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The Grocer's Apostrophe

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The grocer, specifically the greengrocer, often seems to get ribbed for his use of the apostrophe. And there's some truth in it: I'm sure you've all seen the grocer on the market selling "carrot's" and "pot's".

But this article isn't about that exactly. It's about big grocers. Very big grocers.

It was Morrisons that started me off on this. You see Morrisons is called Morrisons for a reason. It was founded by William Morrison in 1899 as a stall in a Bradford market and Sir Ken Morrison only ended the dynasty in 2008 when he stood down as chairman. So why isn't the store chain called "Morrison's"?

What's curious about this is that the other dynastic food retailer in the UK (Tim Sainsbury, last of the line, resigned in 1999) is Sainsbury's and yup, they're still got that apostrophe.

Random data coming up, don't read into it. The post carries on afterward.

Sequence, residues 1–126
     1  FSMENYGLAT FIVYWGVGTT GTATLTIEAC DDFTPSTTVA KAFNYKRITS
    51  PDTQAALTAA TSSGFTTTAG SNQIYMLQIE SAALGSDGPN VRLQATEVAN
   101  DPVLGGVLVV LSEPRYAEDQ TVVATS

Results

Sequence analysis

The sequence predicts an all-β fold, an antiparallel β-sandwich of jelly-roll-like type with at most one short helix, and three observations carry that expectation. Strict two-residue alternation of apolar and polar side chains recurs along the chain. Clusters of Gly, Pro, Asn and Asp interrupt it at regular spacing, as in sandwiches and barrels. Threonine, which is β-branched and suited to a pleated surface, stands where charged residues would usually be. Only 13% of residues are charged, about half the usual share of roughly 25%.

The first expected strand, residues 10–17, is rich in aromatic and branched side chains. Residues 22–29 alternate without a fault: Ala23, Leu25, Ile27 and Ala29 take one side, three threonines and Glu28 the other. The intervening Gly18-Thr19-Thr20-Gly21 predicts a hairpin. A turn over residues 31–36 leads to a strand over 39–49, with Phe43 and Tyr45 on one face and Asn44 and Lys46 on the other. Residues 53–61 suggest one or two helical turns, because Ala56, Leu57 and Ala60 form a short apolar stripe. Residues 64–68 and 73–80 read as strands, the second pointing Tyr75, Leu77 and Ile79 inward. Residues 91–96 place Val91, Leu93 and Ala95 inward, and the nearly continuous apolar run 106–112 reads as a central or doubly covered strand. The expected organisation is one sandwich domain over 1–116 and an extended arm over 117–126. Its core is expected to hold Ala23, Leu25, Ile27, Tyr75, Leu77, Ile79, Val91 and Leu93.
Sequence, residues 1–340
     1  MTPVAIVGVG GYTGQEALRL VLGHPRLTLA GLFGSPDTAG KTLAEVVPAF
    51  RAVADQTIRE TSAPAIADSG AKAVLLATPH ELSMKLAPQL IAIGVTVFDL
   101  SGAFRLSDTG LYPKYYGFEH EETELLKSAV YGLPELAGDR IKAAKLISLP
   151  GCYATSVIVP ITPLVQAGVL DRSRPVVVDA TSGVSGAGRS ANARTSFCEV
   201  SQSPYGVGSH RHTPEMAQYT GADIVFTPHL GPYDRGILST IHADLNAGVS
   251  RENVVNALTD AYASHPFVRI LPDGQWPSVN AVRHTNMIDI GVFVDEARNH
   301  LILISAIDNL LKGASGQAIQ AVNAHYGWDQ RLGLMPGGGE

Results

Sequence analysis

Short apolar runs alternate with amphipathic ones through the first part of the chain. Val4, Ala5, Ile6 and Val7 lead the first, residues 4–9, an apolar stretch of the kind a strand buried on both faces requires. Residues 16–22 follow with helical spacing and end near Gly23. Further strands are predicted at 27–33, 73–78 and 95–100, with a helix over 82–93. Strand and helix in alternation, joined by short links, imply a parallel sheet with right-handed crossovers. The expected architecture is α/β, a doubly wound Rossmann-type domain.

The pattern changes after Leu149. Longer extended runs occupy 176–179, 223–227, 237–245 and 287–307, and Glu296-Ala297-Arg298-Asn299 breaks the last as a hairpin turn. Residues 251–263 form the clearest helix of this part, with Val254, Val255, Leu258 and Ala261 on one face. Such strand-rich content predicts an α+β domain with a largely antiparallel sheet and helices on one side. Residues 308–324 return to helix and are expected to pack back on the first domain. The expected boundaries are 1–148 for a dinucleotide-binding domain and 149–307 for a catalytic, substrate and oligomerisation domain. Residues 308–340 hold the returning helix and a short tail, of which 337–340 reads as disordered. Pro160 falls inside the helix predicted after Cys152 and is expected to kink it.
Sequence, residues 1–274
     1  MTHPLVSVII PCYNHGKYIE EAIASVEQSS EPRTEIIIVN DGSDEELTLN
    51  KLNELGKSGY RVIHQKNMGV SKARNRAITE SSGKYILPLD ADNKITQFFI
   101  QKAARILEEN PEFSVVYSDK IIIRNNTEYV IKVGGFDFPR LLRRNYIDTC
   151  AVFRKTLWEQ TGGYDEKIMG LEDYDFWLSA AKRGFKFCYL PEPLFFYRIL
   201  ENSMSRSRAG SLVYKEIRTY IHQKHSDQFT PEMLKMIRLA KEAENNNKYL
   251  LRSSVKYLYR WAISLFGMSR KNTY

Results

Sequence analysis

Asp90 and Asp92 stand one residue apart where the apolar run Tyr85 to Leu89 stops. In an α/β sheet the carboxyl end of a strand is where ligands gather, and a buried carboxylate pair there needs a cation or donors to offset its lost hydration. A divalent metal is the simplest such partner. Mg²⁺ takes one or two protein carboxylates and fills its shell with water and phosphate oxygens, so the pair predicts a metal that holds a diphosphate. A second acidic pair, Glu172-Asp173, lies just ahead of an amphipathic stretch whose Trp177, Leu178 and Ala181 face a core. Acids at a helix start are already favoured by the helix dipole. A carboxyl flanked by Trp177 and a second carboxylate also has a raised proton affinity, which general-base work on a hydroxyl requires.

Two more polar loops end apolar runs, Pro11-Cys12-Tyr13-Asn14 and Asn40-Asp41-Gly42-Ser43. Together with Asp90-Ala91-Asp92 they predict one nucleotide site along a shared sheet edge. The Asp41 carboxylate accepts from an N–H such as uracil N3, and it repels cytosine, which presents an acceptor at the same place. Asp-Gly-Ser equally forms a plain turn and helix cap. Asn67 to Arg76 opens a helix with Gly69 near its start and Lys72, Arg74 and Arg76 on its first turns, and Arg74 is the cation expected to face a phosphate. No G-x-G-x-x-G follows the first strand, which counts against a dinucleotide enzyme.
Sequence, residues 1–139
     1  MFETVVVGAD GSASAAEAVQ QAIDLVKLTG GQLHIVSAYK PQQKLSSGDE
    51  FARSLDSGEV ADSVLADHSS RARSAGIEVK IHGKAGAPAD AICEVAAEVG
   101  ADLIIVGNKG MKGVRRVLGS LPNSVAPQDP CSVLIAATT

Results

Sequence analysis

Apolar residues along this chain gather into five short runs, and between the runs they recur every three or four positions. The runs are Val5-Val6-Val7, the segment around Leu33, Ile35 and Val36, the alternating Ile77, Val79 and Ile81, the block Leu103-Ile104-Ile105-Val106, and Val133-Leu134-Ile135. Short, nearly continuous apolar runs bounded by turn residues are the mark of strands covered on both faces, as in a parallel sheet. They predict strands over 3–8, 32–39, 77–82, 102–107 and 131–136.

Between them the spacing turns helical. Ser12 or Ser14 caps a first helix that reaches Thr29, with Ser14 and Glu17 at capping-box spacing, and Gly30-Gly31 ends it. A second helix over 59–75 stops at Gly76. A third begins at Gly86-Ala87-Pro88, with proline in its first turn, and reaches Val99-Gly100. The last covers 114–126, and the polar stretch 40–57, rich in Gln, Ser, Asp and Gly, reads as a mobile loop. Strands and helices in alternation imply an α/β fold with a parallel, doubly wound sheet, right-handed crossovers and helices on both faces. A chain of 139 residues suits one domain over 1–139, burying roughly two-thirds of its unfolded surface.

It would be interesting to know why company decided to keep the apostrophe and the other didn't.

And while you ponder that one consider this: the other large food retailers in the UK are (in descending size order): Tesco, Asda, The Co-Op, Waitrose, and Aldi.

I often hear people say things like "I shop at Tesco's". I never hear the possessive use that way with any of the other four. Why is that?

Tags: words Written 04/04/11


Previous comments about this article:

On 04/04/11 at 9:19pm Derek Law wrote:

Because you're a nesh southerner? I have often heard folk talk about shopping at Asda's, but up north they weren't recent arrivals.

And there is an apostrophe at the other end of t'Co-op.

On 04/04/11 at 9:45pm Tim Steele wrote:

I phoned the clothing store Lands' End (sic) and asked them why the apostrophe was after the s of Lands. Apparently it was a mistake and it's too late to fix it now!

On 05/04/11 at 8:00am Simon Booth wrote:

People round our way used to call it Tessa Cohen's. I'm not sure why, given that his name was Jack and his wife was (I've just looked it up) Sarah, but at least the possessive makes sense there.

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